They say time flys when you are having fun and here it is the middle of July already! Ken and I have both been right out straight for the last couple of months,as both of us had an unexpected work load to contend with. I haven't been able to post anything lately because of computer problems,as well as being away on vacation for the last week. I know that puffins are not considered game birds,unless you are from Iceland,where they are still hunted,but I had to mention the colony I visited on Machias Seal island near Grand Manan.
Just having a colony of these delightful birds here in New Brunswick is something all of us native sons should be proud of.Being able to visit them in their mating season in their only nesting colony is a priviledge everyone should try to participate in at least once in their lives.We landed on the island after a boat ride of about an hour and a half on a beautiful day and we were able to visit and observe and take pictures for another hour before we had to leave.There are very strict rules for visiting these birds while they are mating and raising their young and we were very happy that we were able to visit the island and watch the birds from the blinds that the students and biologists use when studying these beautiful little birds.We were also able to observe razor billed auks and common murres in the same habitat. I can only say if you ever get the oppportunity to take this trip,you will never regret it. It truly is a once in a lifetime event. The salmon fishing has been off to a rather slow start this year compared to last year. There have been some very large salmon entering the Miramichi river system,but the grilse run has not come in yet leading some to wonder if we will get anything close to the numbers we got last year.Usually when we get a good run of grilse one year,the following year there is a good run of large salmon and this pattern seems to be holding true.That being said,we should still get some good numbers of grilse coming in as the water conditions a near perfect.Lets hope for the best and pray that last years fantastic run of fish wasn't just a fluke! Last month Ken and I had the priviledge of guiding two fine gents from Darthmouth,N.S. Ed Clarke and his uncle Bob,came up for a little trout fishing and they managed to catch some pan sized speckles,as well as some nice sea trout.Now the sea-trout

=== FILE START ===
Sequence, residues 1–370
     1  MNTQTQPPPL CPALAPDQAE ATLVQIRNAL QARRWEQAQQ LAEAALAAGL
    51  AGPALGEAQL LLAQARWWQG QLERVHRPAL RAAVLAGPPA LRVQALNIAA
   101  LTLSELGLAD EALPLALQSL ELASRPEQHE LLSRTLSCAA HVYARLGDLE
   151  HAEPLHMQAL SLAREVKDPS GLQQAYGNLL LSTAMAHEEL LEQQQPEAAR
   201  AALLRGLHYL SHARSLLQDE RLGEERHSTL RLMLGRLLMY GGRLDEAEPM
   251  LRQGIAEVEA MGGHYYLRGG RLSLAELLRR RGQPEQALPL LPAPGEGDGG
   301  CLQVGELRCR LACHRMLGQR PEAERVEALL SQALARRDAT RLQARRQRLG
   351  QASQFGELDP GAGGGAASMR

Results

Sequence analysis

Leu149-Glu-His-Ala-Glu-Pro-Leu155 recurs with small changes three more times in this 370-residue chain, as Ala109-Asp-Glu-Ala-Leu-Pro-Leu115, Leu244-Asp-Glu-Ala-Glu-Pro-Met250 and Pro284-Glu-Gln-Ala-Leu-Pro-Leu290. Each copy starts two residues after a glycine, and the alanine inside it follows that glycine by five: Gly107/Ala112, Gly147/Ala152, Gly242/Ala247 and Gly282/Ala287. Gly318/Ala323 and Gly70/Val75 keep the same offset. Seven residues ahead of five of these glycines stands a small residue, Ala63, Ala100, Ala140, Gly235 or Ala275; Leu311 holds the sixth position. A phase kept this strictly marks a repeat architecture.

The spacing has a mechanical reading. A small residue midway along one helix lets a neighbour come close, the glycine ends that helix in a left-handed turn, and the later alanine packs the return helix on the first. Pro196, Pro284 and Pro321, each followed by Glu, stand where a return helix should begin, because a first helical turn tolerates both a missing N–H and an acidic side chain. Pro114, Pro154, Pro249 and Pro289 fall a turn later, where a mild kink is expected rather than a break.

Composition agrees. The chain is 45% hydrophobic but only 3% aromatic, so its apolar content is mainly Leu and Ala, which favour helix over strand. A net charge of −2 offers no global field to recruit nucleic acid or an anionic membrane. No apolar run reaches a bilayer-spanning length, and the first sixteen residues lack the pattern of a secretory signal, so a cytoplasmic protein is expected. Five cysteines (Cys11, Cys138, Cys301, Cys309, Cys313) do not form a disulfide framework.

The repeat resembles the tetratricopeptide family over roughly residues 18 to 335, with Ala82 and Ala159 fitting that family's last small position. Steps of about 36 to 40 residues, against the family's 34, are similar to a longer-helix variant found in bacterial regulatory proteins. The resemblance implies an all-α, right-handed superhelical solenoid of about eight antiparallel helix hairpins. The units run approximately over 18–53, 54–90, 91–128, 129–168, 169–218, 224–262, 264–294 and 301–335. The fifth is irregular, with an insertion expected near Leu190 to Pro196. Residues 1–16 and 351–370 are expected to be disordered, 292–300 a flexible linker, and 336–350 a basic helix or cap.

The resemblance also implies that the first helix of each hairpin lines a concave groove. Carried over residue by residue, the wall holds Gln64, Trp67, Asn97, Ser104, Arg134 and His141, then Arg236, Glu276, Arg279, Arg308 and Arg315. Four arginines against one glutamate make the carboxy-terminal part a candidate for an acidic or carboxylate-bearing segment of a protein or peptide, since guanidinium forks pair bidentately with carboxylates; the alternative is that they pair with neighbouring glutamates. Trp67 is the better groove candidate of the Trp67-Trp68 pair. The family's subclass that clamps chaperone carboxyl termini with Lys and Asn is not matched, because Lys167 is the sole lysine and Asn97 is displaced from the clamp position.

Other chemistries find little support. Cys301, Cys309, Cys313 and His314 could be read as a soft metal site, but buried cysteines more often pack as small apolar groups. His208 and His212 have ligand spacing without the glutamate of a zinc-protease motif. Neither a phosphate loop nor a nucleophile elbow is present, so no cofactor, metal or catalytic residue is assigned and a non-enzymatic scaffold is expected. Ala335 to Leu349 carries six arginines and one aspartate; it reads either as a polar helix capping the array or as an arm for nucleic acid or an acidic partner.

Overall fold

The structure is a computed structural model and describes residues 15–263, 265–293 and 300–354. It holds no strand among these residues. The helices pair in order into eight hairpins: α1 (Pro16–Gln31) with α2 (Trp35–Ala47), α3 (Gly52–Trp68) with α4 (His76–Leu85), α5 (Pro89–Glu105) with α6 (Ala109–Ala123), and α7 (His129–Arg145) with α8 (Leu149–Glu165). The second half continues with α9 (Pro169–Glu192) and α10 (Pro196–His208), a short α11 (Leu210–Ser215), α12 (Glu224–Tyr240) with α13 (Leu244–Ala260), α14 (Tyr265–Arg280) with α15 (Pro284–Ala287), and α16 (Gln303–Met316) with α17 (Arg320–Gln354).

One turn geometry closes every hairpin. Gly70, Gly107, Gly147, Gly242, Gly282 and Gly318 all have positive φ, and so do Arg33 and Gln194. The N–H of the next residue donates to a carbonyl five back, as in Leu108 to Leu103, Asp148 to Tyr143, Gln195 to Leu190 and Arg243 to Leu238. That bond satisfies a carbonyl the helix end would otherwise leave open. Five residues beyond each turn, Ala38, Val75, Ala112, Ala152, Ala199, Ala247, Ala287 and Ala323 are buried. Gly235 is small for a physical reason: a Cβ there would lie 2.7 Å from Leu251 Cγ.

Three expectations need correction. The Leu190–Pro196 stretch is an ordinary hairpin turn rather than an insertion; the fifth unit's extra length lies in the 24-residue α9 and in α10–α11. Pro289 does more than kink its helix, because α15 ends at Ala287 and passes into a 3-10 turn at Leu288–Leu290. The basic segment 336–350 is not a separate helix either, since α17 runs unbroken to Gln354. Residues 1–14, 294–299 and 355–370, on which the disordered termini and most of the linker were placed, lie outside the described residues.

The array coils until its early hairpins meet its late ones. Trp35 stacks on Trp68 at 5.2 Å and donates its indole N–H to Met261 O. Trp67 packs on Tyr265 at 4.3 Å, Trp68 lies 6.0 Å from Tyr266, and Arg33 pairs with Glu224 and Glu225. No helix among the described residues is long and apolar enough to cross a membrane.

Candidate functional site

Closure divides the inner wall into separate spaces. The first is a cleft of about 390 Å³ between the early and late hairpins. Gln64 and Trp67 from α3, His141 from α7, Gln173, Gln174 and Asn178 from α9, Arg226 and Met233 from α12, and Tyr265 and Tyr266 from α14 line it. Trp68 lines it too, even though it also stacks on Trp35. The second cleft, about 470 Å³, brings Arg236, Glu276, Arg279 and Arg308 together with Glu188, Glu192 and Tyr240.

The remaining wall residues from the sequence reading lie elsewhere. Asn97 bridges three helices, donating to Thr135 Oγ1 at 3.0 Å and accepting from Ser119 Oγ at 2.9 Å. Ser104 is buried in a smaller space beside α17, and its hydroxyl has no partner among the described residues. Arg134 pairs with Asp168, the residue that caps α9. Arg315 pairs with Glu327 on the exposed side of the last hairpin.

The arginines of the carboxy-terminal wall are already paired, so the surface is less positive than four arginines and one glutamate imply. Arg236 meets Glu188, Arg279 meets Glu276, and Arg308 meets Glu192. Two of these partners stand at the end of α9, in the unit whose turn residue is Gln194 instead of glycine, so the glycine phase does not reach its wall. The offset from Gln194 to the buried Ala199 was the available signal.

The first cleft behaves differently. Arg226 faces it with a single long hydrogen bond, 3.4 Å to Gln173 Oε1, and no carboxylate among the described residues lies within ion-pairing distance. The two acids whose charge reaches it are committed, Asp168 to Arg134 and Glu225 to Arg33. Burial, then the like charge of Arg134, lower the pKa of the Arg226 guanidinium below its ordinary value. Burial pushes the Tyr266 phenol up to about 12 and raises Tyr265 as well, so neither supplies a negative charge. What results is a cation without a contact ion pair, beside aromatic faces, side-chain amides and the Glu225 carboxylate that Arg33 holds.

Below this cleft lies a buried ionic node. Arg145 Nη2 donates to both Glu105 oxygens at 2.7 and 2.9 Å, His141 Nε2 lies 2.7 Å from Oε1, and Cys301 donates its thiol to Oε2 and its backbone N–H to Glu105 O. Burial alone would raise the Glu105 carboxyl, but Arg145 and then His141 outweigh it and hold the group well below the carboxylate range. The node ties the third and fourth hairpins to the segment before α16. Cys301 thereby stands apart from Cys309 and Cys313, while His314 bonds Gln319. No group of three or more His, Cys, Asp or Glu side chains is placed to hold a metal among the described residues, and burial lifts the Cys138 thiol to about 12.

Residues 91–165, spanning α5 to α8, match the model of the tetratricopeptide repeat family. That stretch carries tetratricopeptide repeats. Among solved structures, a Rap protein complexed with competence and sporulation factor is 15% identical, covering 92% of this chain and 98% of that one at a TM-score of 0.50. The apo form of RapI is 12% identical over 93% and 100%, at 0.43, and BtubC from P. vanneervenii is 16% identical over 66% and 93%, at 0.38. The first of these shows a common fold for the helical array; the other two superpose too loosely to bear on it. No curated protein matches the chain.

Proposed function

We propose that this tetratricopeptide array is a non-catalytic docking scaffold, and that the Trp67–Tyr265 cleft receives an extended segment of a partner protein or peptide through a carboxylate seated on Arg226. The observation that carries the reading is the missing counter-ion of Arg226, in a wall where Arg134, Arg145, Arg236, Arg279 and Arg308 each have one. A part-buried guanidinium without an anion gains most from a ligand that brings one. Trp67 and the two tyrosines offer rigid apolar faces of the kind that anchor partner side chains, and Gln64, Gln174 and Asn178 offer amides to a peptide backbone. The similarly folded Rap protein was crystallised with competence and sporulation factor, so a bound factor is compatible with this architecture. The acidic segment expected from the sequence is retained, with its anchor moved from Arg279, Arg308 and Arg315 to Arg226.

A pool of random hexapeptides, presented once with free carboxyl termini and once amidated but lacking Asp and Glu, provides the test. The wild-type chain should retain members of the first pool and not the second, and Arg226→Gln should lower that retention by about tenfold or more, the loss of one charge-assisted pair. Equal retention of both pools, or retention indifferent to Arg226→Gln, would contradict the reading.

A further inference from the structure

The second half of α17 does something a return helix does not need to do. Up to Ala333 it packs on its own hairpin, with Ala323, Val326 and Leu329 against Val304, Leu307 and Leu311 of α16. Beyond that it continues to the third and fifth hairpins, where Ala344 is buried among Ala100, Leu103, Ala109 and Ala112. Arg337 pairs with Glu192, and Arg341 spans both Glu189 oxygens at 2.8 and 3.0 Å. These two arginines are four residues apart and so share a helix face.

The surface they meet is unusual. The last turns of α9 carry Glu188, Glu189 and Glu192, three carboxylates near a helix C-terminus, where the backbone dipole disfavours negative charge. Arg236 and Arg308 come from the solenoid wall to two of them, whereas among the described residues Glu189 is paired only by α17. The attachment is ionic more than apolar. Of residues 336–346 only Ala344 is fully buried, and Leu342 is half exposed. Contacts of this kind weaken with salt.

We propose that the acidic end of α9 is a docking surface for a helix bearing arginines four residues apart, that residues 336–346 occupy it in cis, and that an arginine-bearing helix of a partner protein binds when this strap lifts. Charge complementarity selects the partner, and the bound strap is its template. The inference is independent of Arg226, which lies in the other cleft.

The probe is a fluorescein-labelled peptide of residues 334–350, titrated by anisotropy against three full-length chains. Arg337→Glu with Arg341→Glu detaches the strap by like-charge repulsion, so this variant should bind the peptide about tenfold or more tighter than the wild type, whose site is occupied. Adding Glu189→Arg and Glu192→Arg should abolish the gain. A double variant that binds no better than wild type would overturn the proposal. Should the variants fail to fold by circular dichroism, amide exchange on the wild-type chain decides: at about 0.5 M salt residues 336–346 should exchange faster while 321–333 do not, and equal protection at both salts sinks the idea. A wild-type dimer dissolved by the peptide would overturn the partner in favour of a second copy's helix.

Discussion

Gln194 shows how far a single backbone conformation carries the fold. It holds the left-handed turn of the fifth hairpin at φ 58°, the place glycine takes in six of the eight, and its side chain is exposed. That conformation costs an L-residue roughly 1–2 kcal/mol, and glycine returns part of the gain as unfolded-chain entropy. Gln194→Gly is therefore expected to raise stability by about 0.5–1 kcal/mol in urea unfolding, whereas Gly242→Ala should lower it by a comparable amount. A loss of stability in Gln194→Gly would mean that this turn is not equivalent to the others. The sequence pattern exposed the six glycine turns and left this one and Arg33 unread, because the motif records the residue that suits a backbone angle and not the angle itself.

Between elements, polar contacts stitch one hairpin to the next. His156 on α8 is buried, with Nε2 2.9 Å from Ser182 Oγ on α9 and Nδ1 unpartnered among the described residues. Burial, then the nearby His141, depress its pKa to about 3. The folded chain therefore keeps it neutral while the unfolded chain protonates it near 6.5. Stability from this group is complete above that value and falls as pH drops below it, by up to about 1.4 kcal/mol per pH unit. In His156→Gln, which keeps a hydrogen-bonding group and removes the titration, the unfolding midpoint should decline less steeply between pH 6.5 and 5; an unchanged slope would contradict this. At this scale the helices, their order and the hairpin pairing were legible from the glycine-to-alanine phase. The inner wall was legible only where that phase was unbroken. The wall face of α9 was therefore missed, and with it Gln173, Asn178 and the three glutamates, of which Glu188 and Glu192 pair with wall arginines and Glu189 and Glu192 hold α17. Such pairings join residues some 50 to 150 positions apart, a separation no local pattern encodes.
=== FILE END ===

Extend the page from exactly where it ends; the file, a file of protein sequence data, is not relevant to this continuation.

that the boys caught were not the huge lunkers that traverse our better streams because these fish typically run early in June up to their spawning beds and will stay there in these protected waters until fall when they will spawn.But we did manage to catch up with some smaller ones that run a little later and will hang around the mouth of the spring brooks.Ed and Bob fished the Gaspereau,Cains and the MSW Miramichi rivers over the course of the day and were into fish on all three rivers.Ken and I wanted to try to give them a taste of what the fishing was like on these different sized rivers because these boys usually fish small lakes back home.I think Ed and Bob had a good time visiting with us and I know Ken and I both really enjoyed guiding them as they are both great guys,as well as being very good fly fishermen.They are also very conservation minded,having released all their trout to be caught another day. We really hope to fish with these two gents again,perhaps in the spring for black salmon.We would love to put together a trip to the Miramichi for these two guys and perhaps a friend or two. Ken called me up the other night quite excited and told me to come over with my camera,as he had something he wanted to show me.When I got there,he pointed to a rather large moth on the side of his porch and asked what it was and I told him it was a Luna Moth.Although these beautiful lime green moths are fairly common,Ken had never seen one before and was quite fasinated by it.I can understand why he had never seen one because in this part of the country their life span is only seven days long and they only produce one generation per year. They are fairly large,having a wingspan of 3.5-4 in. wide,so if you see one,chances are you will know what it is because of its size and lime green coloration.The pickerel bite has been very good lately,as the gaspereau have gone out,so the food supply is dwindling.My son Curtis was out guiding a couple last week and they caught some very nice ones in the 24-26 in.range.If you would like to get out on the water or out in the bush for a trip in our beautiful neck of the woods,just give me a call or shoot me an e-mail and Ken and I will have you into the fish or on the game.See you there!